I grew up in Reading UK, 20 minutes by train from London. I went to Chiltern Edge Secondary School (11-16yrs) and Henley Sixth Form College (17-18yrs).
After two years of working and backpacking I went to The University of York, UK, to study undergraduate physics. My final year project was on the nucleation of freezing in supercooled water, supervised by Dr Richard Keesing. We scattered a laser through droplets of supercooled water to observed freezing as it was initiated by the application of an electric field.
In 2009 I was awarded a University Scholarship and started a PhD in glaciology in the Department of Geography at Sheffield University, supervised by Dr Felix Ng. I wrote a thesis entitled 'Modeling ice-dammed lake drainage' (pdf). I used mathematical models to study how water flows beneath glacier (see research section).
In 2013 I started as a Glacier Geophysicist at the British Antarctic Survey (BAS), Cambridge, UK. I was employed on a NERC-funded project led by Richard Hindmarsh. We used radar and mathematical models to study present-day and past ice flow in West Antarctica.
In March 2016 my wife and I moved from the UK to start my current position as Assistant Professor in the Department of Earth and Environmental Sciences, Columbia University, and the Lamont-Doherty Earth Observatory. I am continuing my research in Glaciology and teaching undergraduate and graduate students. I collaborate with members of the Polar Geophysics Group here at Lamont, and colleagues from Sheffield (e.g. J. Ely, S. Livingstone), BAS (e.g. A. Brisbourne, C. Martín) and elsewhere.
My research is focused on modelling and observing the flow of ice and water in ice sheets and glaciers.
During my PhD I studied the flow of water beneath glaciers and ice sheets through the development and analysis of mathematical models. I studied how ice-dammed lakes fill and drain beneath glaciers, showing how simple models can be used to predict approximately when lakes will drain, lakes can fill and drain chaotically and lakes affect the flow of glaciers through their impact on subglacial water pressures. I also observed and modelled large-scale surface drainage in East Antarctica.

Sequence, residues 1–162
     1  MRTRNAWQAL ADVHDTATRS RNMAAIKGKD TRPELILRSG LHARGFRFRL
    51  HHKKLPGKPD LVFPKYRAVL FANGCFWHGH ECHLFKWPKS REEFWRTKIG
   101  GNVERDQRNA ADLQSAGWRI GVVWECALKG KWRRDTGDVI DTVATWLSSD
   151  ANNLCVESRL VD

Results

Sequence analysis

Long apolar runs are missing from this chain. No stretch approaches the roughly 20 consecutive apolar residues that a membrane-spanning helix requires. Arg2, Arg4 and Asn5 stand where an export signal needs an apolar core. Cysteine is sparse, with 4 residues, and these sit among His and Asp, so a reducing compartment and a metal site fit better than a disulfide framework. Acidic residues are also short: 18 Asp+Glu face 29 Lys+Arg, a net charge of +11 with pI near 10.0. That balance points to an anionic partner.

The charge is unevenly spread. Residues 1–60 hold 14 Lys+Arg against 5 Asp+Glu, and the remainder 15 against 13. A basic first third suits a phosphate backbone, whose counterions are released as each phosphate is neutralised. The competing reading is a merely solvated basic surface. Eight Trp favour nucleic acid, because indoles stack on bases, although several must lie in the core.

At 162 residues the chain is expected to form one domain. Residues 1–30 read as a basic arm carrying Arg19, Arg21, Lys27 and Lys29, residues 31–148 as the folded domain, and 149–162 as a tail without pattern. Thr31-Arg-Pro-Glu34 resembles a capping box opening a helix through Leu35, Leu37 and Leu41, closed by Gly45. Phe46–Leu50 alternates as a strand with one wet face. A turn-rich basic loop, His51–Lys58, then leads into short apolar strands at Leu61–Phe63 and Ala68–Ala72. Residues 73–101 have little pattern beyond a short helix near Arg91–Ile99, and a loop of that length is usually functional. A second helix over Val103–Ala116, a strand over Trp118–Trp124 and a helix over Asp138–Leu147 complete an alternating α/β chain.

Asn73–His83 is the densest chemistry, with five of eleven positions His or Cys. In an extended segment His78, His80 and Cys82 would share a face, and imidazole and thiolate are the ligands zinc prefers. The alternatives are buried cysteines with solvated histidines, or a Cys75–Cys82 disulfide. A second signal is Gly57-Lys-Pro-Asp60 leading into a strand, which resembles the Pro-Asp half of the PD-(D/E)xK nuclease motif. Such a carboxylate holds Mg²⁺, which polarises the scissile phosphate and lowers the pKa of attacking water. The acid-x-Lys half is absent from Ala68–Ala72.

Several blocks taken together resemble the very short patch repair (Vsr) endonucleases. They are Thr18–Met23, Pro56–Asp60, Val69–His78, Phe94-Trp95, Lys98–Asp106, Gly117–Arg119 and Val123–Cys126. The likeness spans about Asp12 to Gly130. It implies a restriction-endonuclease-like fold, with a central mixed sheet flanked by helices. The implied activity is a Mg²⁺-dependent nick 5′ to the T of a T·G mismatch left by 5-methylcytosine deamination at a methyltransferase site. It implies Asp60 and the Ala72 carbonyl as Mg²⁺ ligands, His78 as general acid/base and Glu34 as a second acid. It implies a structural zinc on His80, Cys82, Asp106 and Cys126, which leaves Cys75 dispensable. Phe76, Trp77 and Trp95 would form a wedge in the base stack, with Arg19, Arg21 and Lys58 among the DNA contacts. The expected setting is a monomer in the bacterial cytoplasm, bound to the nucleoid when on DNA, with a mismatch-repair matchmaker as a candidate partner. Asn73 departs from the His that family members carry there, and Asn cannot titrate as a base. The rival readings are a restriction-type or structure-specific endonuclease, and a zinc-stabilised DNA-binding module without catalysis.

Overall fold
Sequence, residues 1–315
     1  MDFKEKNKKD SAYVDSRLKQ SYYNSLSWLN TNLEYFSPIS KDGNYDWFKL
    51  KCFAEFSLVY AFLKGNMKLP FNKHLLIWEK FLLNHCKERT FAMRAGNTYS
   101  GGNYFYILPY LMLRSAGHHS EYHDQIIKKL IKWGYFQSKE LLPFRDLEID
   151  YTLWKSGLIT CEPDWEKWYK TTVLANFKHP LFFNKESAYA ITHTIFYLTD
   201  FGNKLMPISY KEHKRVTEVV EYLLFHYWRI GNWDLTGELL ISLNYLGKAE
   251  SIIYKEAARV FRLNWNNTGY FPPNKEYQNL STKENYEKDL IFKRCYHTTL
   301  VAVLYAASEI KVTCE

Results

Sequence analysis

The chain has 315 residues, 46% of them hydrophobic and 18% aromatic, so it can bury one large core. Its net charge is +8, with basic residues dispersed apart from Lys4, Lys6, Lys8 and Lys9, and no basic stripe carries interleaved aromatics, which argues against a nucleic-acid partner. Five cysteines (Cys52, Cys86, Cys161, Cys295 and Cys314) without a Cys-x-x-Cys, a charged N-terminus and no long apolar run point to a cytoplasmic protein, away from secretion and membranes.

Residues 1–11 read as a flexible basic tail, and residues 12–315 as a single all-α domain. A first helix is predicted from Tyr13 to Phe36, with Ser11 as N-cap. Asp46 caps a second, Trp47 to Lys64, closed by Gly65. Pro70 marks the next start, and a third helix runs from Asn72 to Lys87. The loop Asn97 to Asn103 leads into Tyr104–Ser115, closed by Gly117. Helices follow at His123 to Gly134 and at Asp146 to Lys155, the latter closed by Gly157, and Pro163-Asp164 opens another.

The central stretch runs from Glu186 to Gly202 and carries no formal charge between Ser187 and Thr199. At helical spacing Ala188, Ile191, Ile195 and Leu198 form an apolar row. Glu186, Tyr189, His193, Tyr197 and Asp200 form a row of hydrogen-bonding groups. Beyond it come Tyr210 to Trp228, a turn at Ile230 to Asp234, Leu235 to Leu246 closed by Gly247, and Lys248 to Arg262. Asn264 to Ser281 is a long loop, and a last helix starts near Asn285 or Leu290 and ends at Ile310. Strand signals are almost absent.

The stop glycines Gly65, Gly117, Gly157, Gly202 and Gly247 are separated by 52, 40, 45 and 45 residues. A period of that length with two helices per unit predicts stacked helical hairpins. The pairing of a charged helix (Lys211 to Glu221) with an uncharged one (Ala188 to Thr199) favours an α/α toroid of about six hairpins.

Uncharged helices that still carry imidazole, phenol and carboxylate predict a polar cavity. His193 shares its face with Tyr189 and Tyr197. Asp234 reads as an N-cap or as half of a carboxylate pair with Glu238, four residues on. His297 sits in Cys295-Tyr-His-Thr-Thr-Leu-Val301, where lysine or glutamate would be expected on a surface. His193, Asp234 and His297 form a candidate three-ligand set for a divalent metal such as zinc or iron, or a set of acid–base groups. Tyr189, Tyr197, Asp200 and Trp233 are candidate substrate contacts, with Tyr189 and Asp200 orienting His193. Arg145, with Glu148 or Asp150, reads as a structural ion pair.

My work at the British Antarctic Survey focused on using radar to constrain present and past ice flow in the Ronne Ice Shelf region of West Antarctica. We used a phase-sensitive radar system to measure an ice-dynamical phenomenon called the Raymond Effect.
In a paper from 2014, we used phase-sensitive radar and GPS to infer vertical and horizontal ice flow fields throughout the thickness of Korff Ice Rise, West Antarctica. We used these englacial flow fields with radar observations of internal layers within the ice rise to show that the flow of his part of the ice sheet underwent a reorganization around 2-3 kyr ago. Continued research into the history of the West Antarctic Ice Sheet is bringing together geophysical and sedimentological data with ice-sheet modelling to understand large-scale evolution of the ice sheet during the last few thousand years.
Throughout last year (2016) I, along with Lamont colleagues have been exploring the supraglacial (i.e. hydrology that goes on on the surface of ice) of Antarctica. This has been exciting because only a few studies have looked at water moving across the surface of Antarctica, but we hypothesize that surface water flow potentially has an important role to play in the future of the Antarctic Ice Sheet.
In two papers (here and here) recently published Nature, and summarized very nicely in the same issue (here), we showed water has been moving long distances onto and across many Antarctic Ice Shelves for many decades (possibly much longer).
Our observations of widespread supraglacial hydrology in Antarctica are interesting because as the continent warms, water could either move into areas where it can cause ice shelves to collapse, or it could evacuate water into the oceans as shown by one of our papers. The movie below, taken from a helicopter, shows a large water fall at the front of the Nansen Ice Shelf.
Kingslake, J., J.C. Ely, I. Das, & R.E. Bell (2017) Widespread movement of meltwater onto and across Antarctic ice shelves. Nature, 544(7650), 349-352. (pdf)